Secondly, environmental scanning involves internal analysis of the firm in which the firm’s strengths and weaknesses are established. The external macro-environment reveals opportunities for market present and also the threats likely to be encountered in the market (Hill & Garth, 2009). In the formulation of the strategy, it is required that the firm matches its strength to the opportunities that are identified during environmental scanning. It should also come up with ways of addressing its weaknesses and external threats. A company should seek to have competitive advantage over other companies in the market which can be based on cost or differentiation (Hitt & Hoskisson, 2009).

Thirdly, strategy implementation involves the actual execution of the strategy which can be in the form of budgets, programs and procedures. The implementation process involves the organization of the firm’s resources and motivation of the staff to achieve the objectives formulated (Hornsey & Hogg, 2000). It is imperative to ensure that implementation of the strategy of a program is monitored carefully so that adjustments can be made to it as need may arise. In the evaluation and control process, we define the parameters to be measured and their target values defined. Measurements are also carried out and compared to the pre-defined standards and necessary changes made (Hoskisson, Duane & Hitt, 2008).

In conclusion therefore, the preceding discussion has clearly indicated that indeed a firm’s global presence provides it with valuable opportunities to adapt to the local market differences, exploit global economies of scale, exploit economies of global scope, tap into the best locations for activities and resources, and maximize knowledge and experience transfer between locations (Isenberg, 1986). The discussion has also made reference to different challenges that MNEs face in their business endeavours operating a global scale especially as regards cultural and ethnic sensitivities which require astute structures and controls to ensure business success (Jones, 2000).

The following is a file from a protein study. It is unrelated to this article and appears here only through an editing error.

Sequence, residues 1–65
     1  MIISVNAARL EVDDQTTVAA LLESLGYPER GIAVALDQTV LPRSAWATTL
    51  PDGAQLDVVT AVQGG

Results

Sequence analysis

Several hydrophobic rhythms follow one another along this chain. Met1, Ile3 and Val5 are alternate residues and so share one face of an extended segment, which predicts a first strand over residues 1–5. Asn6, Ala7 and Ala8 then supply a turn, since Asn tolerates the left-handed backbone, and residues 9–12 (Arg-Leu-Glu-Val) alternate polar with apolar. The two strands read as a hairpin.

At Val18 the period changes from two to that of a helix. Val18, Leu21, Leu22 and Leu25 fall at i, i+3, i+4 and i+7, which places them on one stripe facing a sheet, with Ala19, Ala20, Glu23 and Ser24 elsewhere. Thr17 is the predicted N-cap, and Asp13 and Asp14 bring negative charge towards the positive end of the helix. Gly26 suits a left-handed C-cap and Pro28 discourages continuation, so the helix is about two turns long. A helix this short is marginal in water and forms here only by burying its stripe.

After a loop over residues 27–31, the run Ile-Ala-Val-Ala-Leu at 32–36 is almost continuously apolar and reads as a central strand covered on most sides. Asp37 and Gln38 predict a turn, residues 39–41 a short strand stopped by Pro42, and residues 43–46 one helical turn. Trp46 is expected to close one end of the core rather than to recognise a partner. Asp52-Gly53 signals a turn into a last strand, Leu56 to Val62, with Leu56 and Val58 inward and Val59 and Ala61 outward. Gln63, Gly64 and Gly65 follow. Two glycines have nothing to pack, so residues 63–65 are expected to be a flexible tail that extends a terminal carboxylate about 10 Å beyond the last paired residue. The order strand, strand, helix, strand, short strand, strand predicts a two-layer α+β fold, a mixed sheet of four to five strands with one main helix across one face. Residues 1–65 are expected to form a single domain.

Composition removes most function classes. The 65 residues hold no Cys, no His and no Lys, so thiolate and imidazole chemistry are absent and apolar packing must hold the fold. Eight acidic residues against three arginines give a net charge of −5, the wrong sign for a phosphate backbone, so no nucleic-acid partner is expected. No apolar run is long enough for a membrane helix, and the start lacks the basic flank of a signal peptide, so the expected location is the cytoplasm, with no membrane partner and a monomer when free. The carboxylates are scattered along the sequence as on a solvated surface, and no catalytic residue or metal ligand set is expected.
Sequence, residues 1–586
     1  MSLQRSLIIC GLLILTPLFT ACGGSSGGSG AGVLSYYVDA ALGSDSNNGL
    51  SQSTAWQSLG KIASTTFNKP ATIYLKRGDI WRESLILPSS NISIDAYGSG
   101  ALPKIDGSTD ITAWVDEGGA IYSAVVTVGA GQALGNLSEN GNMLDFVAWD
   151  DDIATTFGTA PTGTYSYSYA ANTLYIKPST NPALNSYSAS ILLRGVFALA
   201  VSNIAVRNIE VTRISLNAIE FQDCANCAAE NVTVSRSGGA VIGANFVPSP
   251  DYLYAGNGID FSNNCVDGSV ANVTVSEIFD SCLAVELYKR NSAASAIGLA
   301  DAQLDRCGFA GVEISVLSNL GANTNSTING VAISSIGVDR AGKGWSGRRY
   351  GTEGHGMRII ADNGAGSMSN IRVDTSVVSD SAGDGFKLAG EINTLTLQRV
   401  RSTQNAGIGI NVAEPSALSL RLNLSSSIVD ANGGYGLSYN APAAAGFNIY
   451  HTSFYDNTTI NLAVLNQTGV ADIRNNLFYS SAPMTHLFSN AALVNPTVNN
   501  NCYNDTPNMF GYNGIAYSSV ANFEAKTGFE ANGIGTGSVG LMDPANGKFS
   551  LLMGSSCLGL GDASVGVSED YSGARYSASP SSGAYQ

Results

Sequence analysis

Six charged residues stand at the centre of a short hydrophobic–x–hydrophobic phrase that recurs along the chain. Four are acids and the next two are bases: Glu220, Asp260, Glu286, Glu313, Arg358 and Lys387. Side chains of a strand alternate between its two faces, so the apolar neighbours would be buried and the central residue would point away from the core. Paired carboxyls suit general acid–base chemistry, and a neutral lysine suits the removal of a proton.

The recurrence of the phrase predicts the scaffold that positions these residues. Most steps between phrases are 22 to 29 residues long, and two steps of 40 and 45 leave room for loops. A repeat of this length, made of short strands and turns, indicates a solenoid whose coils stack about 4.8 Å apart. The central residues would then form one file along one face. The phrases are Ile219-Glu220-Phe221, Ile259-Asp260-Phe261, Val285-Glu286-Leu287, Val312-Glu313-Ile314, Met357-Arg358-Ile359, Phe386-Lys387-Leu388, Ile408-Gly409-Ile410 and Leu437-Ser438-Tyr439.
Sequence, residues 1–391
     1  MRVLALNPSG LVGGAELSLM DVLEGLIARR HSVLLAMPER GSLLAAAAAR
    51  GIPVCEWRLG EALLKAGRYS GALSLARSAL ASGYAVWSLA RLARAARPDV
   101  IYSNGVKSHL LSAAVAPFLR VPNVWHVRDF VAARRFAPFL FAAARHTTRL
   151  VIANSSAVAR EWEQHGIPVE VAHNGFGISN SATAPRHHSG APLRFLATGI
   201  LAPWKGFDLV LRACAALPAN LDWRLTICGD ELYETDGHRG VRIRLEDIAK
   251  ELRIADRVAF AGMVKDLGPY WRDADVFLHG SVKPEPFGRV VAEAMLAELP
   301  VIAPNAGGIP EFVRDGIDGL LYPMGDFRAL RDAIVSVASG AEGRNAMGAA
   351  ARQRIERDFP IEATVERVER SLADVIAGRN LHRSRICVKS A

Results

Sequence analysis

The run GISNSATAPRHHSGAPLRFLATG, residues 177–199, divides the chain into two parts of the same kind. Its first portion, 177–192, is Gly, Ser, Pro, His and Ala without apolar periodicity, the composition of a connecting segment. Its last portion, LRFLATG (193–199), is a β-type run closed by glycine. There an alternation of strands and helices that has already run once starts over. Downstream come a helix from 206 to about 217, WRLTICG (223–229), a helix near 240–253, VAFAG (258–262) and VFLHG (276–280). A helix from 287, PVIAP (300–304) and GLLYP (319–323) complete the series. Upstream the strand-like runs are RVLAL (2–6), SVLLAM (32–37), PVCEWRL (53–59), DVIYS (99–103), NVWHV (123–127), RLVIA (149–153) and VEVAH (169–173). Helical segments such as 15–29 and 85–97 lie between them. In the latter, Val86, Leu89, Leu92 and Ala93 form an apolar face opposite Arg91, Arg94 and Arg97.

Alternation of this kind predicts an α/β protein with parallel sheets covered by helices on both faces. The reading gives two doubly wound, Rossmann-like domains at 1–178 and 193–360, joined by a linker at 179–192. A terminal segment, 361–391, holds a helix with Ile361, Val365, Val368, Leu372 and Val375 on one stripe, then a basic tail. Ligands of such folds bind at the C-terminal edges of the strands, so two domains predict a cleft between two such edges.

In this view it has been presented that it is imperative that these firms balance their strategic approach to business to ensure centralized integration and local adaptation of their firms in their niche markets (Leontief, 1999). The authentic management concept that enables managements of these MNEs is IHRM which is a management concept specializing in international business operations and global business management. Its insights have been shown to provide helpful strategies and formulations that sustain business development and operations in the global market while still having a local appeal within their regional and cultural environments where they are stationed. This in totality ensures success of business endeavours and profitability for its shareholders while at the same time ensuring comfort and convenience for MNEs’ workforce (Levitt, 2010).

Bruce, K. & Nylan, C. (2011). Elton Mayo and the Deification of Human Relations. Organization Studies, 32(3): 383-405.
Chipman, J. S. (2000). A Survey of the Theory of International Trade: Part 1, The Classical Theory. Econometrica, 33 (3): 477–519.
Cohen, D. (1998). Culture, Social Organization, and Patterns of Violence. Journal of Personality and Social Psychology, 75 (2): 408–419.
Deaux, K., Reid, A., Mizrahi, K. & Ethier, K. A. (1995). Parameters of Social Identity. Journal of Personality and Social Psychology, 68 (2): 280.
Dion, K. L. (2000). Group Cohesion: From “Field of Forces” to Multidimensional Construct. Group Dynamics: Theory, Research, and Practice, 4: 7–2.
Fujimoto, T. & Shiozawa, Y. (2012). Inter and Intra Company Competition in the Age of Global Competition: A Micro and Macro Interpretation of Ricardian Trade Theory, Evolutionary and Institutional Economics Review, 8(2): 193-231.